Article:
We're not in Kansas anymore

Finally some common sense in this whole Science versus religion debate! :thumbsup:

WASHINGTON – Because every few years this country, in its infinite tolerance, insists on hearing yet another appeal of the Scopes monkey trial, I feel obliged to point out what would otherwise be superfluous – that the two greatest scientists in the history of our species were Isaac Newton and Albert Einstein, and they were both religious.

townhall.com/opinion/columns/charleskrauthammer/2005/11/18/176015.html

Cool.

Not so cool. I wrote and sent this email to Charles Krauthammer:

Dear Mr. Krauthammer,

In your article you characterized intelligent design as:

“‘Intelligent design’ may be interesting as theology, but as science it is a fraud. It is a self-enclosed, tautological ‘theory’ whose only holding is that when there are gaps in some area of scientific knowledge – in this case, evolution – they are to be filled by God. It is a ``theory’’ that admits that evolution and natural selection explain such things as the development of drug resistance in bacteria and other such evolutionary changes within species, but that every once in a while God steps into this world of constant and accumulating change and says, ‘I think I’ll make me a lemur today.’”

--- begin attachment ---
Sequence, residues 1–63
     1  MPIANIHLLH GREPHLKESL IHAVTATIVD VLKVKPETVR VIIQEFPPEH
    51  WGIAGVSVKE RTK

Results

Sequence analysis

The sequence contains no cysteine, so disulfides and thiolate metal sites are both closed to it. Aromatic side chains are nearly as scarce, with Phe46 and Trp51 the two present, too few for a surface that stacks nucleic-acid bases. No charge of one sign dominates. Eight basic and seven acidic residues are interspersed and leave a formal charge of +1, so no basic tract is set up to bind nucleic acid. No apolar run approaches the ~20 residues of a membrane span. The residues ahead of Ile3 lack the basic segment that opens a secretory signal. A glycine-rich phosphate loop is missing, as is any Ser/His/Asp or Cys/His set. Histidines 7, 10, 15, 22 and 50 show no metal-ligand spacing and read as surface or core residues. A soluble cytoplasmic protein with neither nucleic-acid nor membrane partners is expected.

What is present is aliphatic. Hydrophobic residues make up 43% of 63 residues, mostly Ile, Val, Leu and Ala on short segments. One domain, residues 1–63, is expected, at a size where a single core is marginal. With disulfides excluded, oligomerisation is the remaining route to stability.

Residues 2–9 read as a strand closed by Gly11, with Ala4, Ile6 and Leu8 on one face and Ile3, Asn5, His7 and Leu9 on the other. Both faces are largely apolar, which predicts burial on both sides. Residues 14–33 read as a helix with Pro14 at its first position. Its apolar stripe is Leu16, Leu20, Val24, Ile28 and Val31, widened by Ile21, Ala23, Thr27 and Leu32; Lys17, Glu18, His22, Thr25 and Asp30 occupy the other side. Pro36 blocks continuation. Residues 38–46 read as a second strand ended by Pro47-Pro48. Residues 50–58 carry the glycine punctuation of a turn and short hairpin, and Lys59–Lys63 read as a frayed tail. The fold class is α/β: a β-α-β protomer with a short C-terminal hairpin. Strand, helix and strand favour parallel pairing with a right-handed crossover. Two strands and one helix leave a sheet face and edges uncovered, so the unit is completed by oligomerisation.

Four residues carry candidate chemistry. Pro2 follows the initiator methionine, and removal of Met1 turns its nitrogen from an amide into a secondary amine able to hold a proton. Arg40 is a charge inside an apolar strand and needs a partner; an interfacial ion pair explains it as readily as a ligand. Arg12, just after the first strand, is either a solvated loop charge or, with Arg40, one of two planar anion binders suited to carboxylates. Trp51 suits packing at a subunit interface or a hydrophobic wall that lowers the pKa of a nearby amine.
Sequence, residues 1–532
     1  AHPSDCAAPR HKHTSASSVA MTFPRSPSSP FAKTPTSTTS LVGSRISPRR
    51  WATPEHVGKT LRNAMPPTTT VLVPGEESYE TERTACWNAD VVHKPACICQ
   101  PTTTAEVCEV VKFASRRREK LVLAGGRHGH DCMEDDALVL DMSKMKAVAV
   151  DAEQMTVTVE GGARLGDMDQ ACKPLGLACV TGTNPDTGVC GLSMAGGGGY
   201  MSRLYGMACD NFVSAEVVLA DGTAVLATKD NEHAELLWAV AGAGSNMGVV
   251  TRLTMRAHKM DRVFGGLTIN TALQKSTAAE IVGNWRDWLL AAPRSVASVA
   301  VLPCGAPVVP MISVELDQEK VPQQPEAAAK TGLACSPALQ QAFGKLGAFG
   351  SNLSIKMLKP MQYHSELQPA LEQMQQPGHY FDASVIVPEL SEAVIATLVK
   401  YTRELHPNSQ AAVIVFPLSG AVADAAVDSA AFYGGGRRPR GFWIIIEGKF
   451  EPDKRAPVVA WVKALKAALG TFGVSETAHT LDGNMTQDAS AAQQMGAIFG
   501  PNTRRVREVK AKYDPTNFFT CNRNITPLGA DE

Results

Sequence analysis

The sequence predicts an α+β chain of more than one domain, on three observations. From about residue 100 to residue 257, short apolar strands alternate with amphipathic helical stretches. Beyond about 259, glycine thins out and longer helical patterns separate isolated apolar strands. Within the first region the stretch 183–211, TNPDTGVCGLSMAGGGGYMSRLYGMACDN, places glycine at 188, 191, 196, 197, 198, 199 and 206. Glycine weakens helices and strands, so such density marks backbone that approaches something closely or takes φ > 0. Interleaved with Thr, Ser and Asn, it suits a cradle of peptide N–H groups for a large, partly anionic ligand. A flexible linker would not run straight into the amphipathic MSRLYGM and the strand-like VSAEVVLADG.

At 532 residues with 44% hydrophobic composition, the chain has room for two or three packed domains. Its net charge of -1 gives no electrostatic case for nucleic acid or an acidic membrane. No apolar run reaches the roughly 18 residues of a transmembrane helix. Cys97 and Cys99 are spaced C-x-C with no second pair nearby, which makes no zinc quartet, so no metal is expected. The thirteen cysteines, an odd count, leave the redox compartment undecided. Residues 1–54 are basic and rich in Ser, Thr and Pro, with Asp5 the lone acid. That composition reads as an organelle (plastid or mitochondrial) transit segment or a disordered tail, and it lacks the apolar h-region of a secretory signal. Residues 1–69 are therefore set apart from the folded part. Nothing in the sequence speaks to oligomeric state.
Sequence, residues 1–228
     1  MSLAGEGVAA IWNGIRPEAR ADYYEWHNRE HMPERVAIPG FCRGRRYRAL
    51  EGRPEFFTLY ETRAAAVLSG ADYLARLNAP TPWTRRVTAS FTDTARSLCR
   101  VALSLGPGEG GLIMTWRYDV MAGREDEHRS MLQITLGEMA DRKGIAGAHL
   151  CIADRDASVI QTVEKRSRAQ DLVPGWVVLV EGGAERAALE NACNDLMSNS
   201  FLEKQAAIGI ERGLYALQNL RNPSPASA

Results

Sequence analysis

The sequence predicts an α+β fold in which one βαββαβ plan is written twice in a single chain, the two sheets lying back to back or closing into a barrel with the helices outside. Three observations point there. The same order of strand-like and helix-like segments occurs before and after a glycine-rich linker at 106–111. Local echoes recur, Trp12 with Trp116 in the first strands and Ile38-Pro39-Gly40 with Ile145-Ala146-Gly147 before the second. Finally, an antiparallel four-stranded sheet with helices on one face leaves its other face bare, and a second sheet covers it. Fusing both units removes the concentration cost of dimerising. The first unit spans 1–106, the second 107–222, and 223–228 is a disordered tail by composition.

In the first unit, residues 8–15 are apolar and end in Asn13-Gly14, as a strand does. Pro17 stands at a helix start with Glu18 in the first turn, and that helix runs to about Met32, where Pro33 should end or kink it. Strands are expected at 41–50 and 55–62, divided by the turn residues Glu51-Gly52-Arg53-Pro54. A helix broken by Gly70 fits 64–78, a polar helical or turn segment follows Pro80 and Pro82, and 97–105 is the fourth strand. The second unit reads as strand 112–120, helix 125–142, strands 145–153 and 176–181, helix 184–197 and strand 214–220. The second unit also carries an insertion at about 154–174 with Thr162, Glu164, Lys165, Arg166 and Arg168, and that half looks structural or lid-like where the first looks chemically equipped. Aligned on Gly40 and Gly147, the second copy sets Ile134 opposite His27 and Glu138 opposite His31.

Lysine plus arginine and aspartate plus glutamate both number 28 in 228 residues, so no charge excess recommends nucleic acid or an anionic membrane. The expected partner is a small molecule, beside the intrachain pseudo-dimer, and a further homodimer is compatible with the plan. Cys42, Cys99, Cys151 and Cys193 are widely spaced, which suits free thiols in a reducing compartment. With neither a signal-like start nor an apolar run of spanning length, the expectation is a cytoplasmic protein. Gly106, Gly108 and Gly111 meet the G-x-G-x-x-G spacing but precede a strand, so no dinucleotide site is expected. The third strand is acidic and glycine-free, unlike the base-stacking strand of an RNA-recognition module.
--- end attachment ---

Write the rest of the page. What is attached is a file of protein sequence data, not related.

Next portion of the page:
That is not at all the true theory of Intelligent Design, and if the Kansas Board of Education is basing their decision to question Darwinian evolution in its curriculum on it, then they are as wrong about it as you are.

Intelligent Design is exactly what it says–it is the theory (and remember evolution too is just a theory) that God put into creation, into our very DNA, the coding for each species, so that as they interacted with their environment the various codes of their DNA went dormant or were activated. It has nothing whatsoever to do with God stepping into history to create by fiat lemurs, humans, rose bushes or anything else.